A Chorus of Hoover Critics
Every year for the last three years, Rep. Dan Burton, a Republican from Indiana, has introduced a bill to strip J. Edgar Hoover’s name from the FBI’s headquarters -- an initiative that has been largely ignored.
Now, however, amid headlines about possibly illegal government surveillance of Americans inside the United States, the effort to rename the Hoover building is starting to attract more supporters, most recently U.S. Circuit Judge Laurence H. Silberman, a Republican who was a leader of the presidentially appointed commission on pre-Iraq-war intelligence.
“This country -- and the bureau -- would be well served if his name were removed from the bureau’s building,” Silberman, a Reagan appointee, told the 1st Circuit Judicial Conference in June. “It is as if the Defense Department were named for Aaron Burr.”
Across Washington, the names of major figures adorn scores of government buildings and federal headquarters, but few have experienced the reputation erosion that has befallen Hoover since his death in 1972.
Once widely admired for founding the modern-day FBI on principles of strict probity, Hoover later became identified with invasive eavesdropping and bureau efforts to discredit the likes of the Rev. Martin Luther King Jr. at the height of the civil rights movement. Hoover also has been accused of having used explosive gossip collected by his agents to intimidate political leaders, including presidents.
So as the names of Ronald Reagan and George H.W. Bush join the federal landscape, some are wondering why Hoover’s is still there.
“Symbolism matters in the United States, and it is wrong to honor a man who frequently manipulated the law to achieve his personal goals,” Burton said after his Government Reform Committee held hearings in 2002 on FBI abuses.
Burton was outraged by the case of Joseph Salvati, who served 30 years in prison for a 1968 contract murder in Boston that later evidence suggested was committed by an FBI informant. “There is no reason we should honor a man who threw everything out the window, including the lives of innocent men, in order to get what he wanted,” Burton said.
The renewal of conservative outrage about Hoover -- columnist Robert Novak recently urged that Hoover’s name be dropped from the building, calling the FBI’s first director “a rogue and a lawbreaker” -- is finding an unusual partnership with liberals who blame Hoover for wiretapping King and quashing the FBI investigation of the 1963 Birmingham, Ala., church bombing that killed four black girls.
Rep. Cynthia A. McKinney (D-Ga.), who is working to get intelligence files on King released, has introduced legislation to name the FBI Building for Frank Church, the late Democratic senator from Idaho whose select committee held scorching hearings on U.S. intelligence gathering and FBI abuses under Hoover.
“It’s a reflection of her concern that the building should not be named after the person who was responsible for the excesses,” McKinney aide John Judge said Friday. “It should be for the person who stood up to them.”
Before Burton’s efforts, the last time the issue came to Congress was in 1998, when senators were debating a bill that would name Washington National Airport for President Reagan. Democratic Sen. Harry Reid of Nevada -- now minority leader -- offered an amendment to strip Hoover’s name from the FBI Building.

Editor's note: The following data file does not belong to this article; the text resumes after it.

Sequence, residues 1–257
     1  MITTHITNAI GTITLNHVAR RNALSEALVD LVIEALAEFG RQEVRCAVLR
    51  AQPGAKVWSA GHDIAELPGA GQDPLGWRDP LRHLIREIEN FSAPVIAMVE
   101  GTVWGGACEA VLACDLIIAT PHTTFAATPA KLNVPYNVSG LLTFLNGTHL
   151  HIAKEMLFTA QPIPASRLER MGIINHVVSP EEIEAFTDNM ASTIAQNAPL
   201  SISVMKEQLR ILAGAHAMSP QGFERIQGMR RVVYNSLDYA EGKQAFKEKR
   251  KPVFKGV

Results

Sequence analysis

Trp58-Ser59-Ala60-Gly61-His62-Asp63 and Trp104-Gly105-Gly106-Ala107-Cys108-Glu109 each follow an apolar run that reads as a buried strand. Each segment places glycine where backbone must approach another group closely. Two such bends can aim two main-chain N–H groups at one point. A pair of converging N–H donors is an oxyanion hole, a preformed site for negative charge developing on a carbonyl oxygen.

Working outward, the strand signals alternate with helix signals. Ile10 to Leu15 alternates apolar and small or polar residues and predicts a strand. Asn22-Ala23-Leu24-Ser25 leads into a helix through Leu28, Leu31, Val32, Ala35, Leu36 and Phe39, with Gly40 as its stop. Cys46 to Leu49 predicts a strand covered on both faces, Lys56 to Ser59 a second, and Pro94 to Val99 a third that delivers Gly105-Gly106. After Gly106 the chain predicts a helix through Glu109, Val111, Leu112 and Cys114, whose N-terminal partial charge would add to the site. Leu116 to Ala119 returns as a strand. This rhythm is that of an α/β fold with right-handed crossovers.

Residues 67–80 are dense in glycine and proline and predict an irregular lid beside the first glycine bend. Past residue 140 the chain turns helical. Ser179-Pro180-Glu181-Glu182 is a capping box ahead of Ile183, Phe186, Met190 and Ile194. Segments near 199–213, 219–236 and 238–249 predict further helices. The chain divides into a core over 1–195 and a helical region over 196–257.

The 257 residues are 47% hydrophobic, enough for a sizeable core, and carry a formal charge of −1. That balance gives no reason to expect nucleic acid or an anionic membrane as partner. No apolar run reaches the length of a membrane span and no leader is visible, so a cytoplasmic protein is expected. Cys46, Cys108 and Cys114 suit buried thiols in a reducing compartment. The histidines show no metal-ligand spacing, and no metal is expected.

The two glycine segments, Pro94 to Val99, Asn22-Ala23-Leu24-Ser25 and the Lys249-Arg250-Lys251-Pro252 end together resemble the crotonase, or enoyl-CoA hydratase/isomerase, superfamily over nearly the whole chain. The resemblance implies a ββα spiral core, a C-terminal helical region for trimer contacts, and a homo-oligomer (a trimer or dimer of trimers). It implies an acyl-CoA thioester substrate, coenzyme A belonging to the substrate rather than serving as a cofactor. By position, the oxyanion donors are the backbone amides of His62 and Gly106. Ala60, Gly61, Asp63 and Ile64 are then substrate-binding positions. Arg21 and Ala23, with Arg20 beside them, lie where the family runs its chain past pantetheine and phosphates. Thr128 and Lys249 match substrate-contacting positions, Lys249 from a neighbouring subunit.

“J. Edgar Hoover stands for what is bad about this country,” Reid said. “This small man violated the rights of hundreds, if not thousands, of people -- famous and not so famous.”
The Senate voted 62 to 36 against removing Hoover’s name.
Silberman said Friday that two senators were considering offering the proposal again.
“People are shocked that the FBI was so heavily engaged in espionage,” he said. “Liberals and conservatives should unite on this.”
It is not clear whether they will.
For one thing, the Society for Former Special Agents of the FBI has been vigilant in arguing to keep the name of the man who reigned over the FBI from 1924 until his death. For another, many still credit Hoover with turning a backwater unit into a professional investigative agency with up-to-date technology and crime-fighting skills.
“We feel that the legacy and image of Hoover is indirectly but successfully blocking the bill,” said Stephen Schatz, Burton’s press secretary.
Hoover came to power as a reformer and tirelessly promoted the bureau’s image in print, movies and radio dramas. But over time, he became a law unto himself. He ruled the FBI with an iron hand, sometimes exiling agents to remote field offices and blighting their careers for minor infractions of rules that included how agents had to dress and act.
For many years, critics said, he refused to acknowledge the seriousness of the threat posed by organized crime, concentrating instead on crimes such as bank robbery and interstate car theft because doing so burnished the bureau’s success rates. Another serious complaint was that Hoover collected scurrilous information on public figures that he used to protect and enhance his own power.
“As far as the building goes, I have mixed feelings,” said Curt Gentry, author of “J. Edgar Hoover: The Man and the Secrets.” “Maybe we should leave it up to remind us of that monster.”
Gentry said that directors who succeeded Hoover, such as former federal judge William Webster, “did quite a bit to change the old bureau from its ways.”
Some changes enacted after the Church committee hearings were lifted after Sept. 11, 2001, when law enforcement and other officials complained that a failure to communicate -- and to spy -- had thwarted counterintelligence. Now, some think a new backlash against what some see as invasions of privacy and domestic spying by executive order might put the renaming of the FBI Building back on the table.
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